NOPD officer loses home in tornado, still takes to the streets to protect others

NOPD officer loses home in tornado, still takes to the streets to protect others

NEW ORLEANS, LA (WVUE) - After Tuesday's tornado, people rushed to their homes to survey the damage. But for one New Orleans police officer, a severely damaged house didn't stand in the way of his commitment to uphold the oath he took to protect and serve

"To know that I just can't do anything myself to pick this up is kinda, kinda hard," said Officer Willie Jenkins III.

Jenkins always pitches in when disaster strikes.

"That's the oath I took," he said.

The First District officer had just left his house Tuesday morning when he heard the alert come over his police radio.

"Got here to see this," he said of his crumbled house. "It's not a good sight to come home to.

While most would be paralyzed by the shock, for Jenkins, staying to survey the damage wasn't an option.

"We had to make sure everybody else was safe," he said. "That was the main focus."

With his wife and son accounted for, Jenkins hit the streets with his fellow officers, pulling people to safety from their damaged homes, keeping looters and sight-seers out of the hardest-hit neighborhoods and providing the reassurance to so many bewildered neighbors that everything would be ok.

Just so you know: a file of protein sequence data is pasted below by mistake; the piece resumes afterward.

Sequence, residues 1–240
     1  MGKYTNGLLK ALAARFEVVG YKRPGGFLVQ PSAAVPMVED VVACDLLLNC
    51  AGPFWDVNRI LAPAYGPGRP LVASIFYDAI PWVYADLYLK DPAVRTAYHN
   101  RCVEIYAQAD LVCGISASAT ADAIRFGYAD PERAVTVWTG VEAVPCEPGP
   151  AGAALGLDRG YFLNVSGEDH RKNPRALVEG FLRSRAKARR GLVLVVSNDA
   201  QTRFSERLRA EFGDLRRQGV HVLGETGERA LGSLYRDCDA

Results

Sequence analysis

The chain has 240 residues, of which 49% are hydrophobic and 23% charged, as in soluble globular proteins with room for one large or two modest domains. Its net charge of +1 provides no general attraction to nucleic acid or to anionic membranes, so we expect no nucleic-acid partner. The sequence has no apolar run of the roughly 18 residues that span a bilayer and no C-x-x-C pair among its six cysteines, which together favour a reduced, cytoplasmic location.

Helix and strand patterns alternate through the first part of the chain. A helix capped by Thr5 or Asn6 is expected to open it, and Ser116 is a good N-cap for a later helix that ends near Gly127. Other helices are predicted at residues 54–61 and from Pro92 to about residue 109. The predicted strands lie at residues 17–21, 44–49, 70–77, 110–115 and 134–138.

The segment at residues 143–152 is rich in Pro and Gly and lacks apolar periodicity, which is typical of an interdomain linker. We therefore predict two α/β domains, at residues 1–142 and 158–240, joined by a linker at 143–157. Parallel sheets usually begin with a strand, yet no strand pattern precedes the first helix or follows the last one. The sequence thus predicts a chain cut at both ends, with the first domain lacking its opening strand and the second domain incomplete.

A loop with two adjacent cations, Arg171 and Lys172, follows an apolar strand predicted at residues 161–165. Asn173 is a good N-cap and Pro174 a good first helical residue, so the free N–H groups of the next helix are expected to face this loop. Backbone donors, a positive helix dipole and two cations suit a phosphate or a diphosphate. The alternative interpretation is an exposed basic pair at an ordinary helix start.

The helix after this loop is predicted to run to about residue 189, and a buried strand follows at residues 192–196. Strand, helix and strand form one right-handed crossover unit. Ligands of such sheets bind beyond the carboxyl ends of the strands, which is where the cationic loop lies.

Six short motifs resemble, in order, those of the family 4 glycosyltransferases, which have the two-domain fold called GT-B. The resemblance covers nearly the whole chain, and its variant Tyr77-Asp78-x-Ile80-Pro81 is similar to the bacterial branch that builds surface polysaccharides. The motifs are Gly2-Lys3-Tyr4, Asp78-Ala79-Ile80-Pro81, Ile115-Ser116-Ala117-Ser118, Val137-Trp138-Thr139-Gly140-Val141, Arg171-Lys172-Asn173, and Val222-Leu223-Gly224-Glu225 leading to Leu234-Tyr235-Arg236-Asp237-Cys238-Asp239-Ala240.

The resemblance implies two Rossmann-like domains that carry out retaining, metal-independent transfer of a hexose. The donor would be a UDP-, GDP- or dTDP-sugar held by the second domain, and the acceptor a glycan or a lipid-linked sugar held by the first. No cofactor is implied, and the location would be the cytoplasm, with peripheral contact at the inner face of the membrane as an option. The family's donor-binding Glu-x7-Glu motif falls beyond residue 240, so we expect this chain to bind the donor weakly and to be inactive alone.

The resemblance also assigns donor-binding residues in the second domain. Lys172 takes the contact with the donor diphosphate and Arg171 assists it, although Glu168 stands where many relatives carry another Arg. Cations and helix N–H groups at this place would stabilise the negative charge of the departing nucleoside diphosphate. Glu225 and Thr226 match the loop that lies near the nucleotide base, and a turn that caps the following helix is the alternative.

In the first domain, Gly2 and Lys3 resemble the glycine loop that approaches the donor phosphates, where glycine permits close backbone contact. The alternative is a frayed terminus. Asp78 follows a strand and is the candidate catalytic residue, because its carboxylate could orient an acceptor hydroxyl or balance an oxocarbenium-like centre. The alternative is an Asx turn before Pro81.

"All these things will be replaced," Jenkins said.

Hours later, Jenkins and his wife returned home, and that's when the reality of the situation sank in.

"It's like a war zone," said his wife, Tonya Jenkins. "I would have never imagined it would be this way."

This loss is even more devastating because the house used to belong to Officer Jenkins' grandmother, who helped rebuild it, after Hurricane Katrina.

"My son, that was his main thing," Officer Jenkins said. "He said this house connected him to her. But you know what? Memories live on in all of us, so we'll be alright."

Even with the sun shining through the holes in their roof and water spewing onto the floor, the Jenkins family relishes in the smallest finds -like childhood pictures of their children that emerged undamaged.

"We got it out of the attic, miraculously. Well, where the attic was," Jenkins said.

In between his shifts keeping the streets safe, Jenkins and his wife discovered something beautiful: The same people he's responsible for protecting day in and day out are giving back to his family.

"We've had such an outpouring of love and support from so many people that it's refreshing to know its only stuff and it'll be rebuilt," Officer Jenkins said.

Some of Jenkins' police uniforms were destroyed in the tornado. He said some of his fellow officers pitched in to buy him new ones.

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